Shawnee Mission Medical Center’s executive chef Paul Clinton wants to get rid of the term “hospital food.”
That’s because at this hospital, local fresh produce, meat and dairy products are making their way onto the menu as part of a new program.
“This week alone, we’ve done something different (on the menu) each day,” said Clinton.
The whole plan got started when Susan Larcom, director of nutrition services at the hospital, met Bill Crooks, former owner of PB&J Restaurants Group, at a farm food and health conference 18 months ago, and they began talking about reducing the amount of processed food the hospital served.
To make the adjustment, the hospital looked to Clinton, who had been the executive chef at PB&J’s Yia Yia’s Euro Bistro in Little Rock, Ark.
“It really had to do with wanting to change the food at Shawnee Mission,” Larcom said. “By bringing in a chef, the goal was to make healthy food taste better. We didn’t want to do some of the same old same old.”
Crooks’ company, Good Food Good Futures, is collaborating with the hospital to develop the program, based on the Shawnee Mission Medical Center’s Seventh-day Adventist Church philosophy of nutrition, sunshine and rest.
“We have gradually started to include the items into patient meals,” said Christine Laskero, operational excellence manager at Shawnee Mission Medical Center.
Such changes include the addition of more minimally processed foods and using fresh fruit and vegetables instead of canned ones on in-patient menus. Next year, the plan is to introduce more local items to the in-patient meals once they get more nutritional information about the food for planning purposes. Changing in-patient meals takes longer because of medical restrictions.
For now, most of the innovation is in the cafeteria for staff and visitors. Last week’s cafeteria menu included locally sourced bison meatloaf, cashew chicken and cranberry walnut quinoa.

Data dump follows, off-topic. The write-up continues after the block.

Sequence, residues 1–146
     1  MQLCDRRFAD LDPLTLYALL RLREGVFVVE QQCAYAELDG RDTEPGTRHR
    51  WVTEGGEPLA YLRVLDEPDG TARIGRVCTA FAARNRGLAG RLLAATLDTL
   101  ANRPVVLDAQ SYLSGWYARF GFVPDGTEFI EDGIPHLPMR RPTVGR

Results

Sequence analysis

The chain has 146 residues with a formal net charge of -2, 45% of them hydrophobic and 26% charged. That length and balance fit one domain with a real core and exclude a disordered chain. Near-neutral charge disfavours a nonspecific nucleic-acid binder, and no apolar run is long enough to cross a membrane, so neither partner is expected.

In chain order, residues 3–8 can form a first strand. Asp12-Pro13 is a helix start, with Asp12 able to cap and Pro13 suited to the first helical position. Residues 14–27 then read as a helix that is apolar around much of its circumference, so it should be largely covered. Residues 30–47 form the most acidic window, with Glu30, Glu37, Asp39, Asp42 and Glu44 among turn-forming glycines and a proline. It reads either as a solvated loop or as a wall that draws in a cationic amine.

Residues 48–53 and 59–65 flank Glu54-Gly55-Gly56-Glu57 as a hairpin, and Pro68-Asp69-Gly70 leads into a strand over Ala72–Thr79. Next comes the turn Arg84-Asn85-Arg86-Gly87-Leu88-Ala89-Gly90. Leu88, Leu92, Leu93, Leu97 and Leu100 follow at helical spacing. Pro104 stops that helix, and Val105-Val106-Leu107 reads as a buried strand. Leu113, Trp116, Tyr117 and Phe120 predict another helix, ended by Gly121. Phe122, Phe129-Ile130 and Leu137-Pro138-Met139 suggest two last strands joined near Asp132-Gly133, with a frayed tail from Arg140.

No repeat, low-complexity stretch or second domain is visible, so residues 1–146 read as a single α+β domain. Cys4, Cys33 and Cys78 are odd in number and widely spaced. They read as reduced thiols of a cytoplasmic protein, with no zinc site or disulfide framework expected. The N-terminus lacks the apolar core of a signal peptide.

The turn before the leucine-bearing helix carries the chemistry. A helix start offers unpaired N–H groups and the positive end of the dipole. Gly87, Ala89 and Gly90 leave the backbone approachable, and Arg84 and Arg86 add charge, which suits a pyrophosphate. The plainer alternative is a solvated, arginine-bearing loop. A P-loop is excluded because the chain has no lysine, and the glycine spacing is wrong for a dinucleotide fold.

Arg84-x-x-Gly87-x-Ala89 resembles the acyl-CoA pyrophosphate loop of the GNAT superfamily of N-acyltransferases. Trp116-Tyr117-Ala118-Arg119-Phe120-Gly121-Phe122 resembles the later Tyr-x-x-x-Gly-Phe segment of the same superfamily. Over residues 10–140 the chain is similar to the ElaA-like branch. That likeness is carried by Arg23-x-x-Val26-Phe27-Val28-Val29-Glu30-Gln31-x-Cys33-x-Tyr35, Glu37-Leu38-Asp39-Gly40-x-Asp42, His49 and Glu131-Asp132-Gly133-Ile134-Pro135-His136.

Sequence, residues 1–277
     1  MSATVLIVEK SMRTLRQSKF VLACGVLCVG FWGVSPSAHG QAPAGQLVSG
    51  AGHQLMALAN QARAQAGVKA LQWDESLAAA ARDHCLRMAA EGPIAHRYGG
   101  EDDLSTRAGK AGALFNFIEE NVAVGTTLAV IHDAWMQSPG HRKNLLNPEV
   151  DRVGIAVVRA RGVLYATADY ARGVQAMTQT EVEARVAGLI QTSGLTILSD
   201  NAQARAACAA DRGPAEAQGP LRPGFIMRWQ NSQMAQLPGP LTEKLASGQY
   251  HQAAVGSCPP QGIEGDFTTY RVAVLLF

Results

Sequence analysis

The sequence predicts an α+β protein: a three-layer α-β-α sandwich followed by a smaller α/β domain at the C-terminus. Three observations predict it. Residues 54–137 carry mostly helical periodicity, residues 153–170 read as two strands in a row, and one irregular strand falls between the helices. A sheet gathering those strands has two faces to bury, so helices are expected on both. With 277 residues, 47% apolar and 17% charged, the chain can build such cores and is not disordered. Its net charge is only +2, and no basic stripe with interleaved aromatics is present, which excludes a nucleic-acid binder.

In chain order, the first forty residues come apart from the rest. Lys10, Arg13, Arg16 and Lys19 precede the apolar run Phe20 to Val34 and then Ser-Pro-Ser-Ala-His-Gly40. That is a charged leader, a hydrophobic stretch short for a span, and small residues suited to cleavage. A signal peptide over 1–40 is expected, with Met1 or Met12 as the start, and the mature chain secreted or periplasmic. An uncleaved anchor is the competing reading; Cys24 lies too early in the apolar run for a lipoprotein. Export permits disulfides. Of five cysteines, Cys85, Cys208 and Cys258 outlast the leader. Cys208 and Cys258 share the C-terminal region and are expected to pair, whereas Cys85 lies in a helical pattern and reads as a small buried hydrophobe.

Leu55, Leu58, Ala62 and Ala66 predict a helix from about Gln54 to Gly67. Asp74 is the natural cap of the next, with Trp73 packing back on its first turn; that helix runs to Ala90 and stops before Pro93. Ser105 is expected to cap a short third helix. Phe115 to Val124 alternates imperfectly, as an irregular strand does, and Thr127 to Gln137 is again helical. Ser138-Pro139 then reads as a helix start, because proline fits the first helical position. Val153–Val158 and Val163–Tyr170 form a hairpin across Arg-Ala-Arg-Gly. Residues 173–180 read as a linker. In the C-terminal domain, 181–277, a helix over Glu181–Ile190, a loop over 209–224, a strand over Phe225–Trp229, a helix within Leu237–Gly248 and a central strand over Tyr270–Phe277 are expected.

The hospital’s goal is to have 10 to 15 percent of all the food it serves originate locally. To make this change, about 15 percent of the food budget is now dedicated to buying local coffee, dairy products, meat, jellies, pickles and fresh fruit and vegetables.
Partnering with Sysco Foods, the hospital buys these products from farmers with Good Agricultural Practices (GAP) certifications, which the U.S. Department of Agriculture developed to promote good food safety practices.
Clinton talks with the farmers about what crops are looking good and getting ripe and also lets them know what produce he might like to have on the menu next year so they can plan ahead.
“What’s really great is it’s traceable. With the certification, I can tell you what square of land (each piece) came from,” he said. “I’ve steered away from frozen vegetables.”
The program has been popular with hospital employees and visitors, especially when Clinton has given occasional demonstrations, such as how to cut a casaba melon.
“I think we’ve gone from people wrinkling their noses and saying, ‘What is it?’ to people asking for recommendations,” Laskero said.
To be considered local, farmers must be within 450 miles of the hospital, but often, they’re within 200 miles. Clinton said the definition of a local farmer varies with each organization.
“It’s different from selling at the local farmer’s market. About 90 percent (of farmers in the program) are full-time farmers to be able to do (enough) volume,” said Diana Endicott, manager of Good-Natured Family Farms, a network of small farms and businesses in the area.
Although Clinton acknowledges the hospital won’t be able to serve as much local produce in the winter months, he still plans to use local squash to fill out the menu.
Many of the farmers participating in the program are Mennonite or Amish. They meet the same safety and storage conditions that other farmers do.
“It’s what we depend on for our livelihood,” said Wayne Mazelin, a local Mennonite farmer who works at Twin County Family Farms in Rich Hill, Mo.
This week, during a food demonstration in the hospital cafeteria, he met some of people who eat the lettuce, cucumbers, tomatoes, watermelon, corn, onions and squash he grows.
“It’s always nice to see where (the food) goes,” he said. “I tell them how we grow it, but I’m always more comfortable on the farm.”